Magazine article Marketing
Car Firms Prepare to Share
Car manufacturers could be the first major group to break with tradition and share television advertising space.
The days when major category advertisers were reluctant to share ad breaks with their competitors may be numbered.
Last week, a number of car advertisers expressed a willingness to do away with the voluntary agreement which for years has meant just one car ad per break (Marketing, April 23).
Mike Moran, marketing director at Toyota, certainly believes it's time for change in the TV market - at least as far as car advertisers are concerned.
"I'd have no problem advertising with anyone in the same break. The agreement is very old and it's never really been tested. I'd be happy to try it, if there was another advertiser who felt the same way," he says.
Moran's argument is simple: under the current agreement, ad spots are highly sought after and hard to come by, especially in the run-up to the August registration period. Not only would break sharing free up much valued spots, but it would reduce costs.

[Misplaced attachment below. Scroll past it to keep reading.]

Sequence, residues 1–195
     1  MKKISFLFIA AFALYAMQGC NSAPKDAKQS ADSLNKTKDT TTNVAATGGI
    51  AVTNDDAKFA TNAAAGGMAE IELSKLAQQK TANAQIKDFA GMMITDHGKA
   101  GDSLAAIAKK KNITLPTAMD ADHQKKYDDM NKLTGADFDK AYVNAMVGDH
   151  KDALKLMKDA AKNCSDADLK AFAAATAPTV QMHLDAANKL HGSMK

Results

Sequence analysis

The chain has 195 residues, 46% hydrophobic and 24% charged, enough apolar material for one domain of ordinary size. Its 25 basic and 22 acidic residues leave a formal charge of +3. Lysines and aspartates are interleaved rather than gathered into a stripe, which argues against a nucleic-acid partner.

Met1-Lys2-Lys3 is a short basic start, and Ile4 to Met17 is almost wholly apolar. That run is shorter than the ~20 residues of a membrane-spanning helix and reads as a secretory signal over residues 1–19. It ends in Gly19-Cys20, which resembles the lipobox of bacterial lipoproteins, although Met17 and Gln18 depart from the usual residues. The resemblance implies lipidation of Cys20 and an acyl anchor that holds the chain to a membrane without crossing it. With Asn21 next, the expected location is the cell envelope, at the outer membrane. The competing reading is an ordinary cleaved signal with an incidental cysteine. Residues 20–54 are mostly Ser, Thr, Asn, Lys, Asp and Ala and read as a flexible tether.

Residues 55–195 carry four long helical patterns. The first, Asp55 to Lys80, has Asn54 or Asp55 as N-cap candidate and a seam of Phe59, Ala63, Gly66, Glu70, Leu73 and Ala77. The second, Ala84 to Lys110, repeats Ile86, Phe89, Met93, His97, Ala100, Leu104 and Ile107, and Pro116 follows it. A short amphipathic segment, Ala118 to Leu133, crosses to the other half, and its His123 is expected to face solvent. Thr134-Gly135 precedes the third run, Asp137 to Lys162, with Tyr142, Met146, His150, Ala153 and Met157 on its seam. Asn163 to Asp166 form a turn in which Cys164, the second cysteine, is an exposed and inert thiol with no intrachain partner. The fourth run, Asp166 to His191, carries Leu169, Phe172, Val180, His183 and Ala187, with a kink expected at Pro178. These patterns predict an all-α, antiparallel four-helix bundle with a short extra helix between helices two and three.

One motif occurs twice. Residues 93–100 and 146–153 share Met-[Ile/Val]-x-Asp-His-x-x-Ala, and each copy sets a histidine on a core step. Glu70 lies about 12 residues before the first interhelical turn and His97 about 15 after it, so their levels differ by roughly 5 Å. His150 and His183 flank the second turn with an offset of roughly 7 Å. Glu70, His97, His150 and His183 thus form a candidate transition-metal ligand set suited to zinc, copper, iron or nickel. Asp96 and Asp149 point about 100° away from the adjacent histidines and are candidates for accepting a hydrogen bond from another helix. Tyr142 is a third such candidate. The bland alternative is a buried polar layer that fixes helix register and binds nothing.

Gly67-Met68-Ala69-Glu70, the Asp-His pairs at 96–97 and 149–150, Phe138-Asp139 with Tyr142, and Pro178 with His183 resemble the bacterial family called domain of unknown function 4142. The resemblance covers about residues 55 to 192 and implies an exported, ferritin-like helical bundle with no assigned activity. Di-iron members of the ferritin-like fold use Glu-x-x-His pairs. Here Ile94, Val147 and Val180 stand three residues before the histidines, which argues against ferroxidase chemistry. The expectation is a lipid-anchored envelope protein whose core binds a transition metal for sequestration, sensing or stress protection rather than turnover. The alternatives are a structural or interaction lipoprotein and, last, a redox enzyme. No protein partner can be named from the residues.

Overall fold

"There could be a compelling argument for doing it, particularly if media inflation continues to be such an issue," says Moran.
Other car advertisers agree. Chris Owens, marketing director at Mazda, says: "The days have gone when exclusivity was a factor. Looking at newspapers and posters, there isn't a strong case for solus TV advertising. Consumers are far more educated now and the pressure will come for change."
Observers believe such arguments may hold water for the car market, because different cars target different audiences - look at the difference between a Ford and a BMW, for example.
Other highly competitive categories such as alcohol, telecoms and financial services have also traditionally adhered to the same 'gentlemen's agreement', despite the fact that, with any other medium, proximity to a competitor is a fact of life. …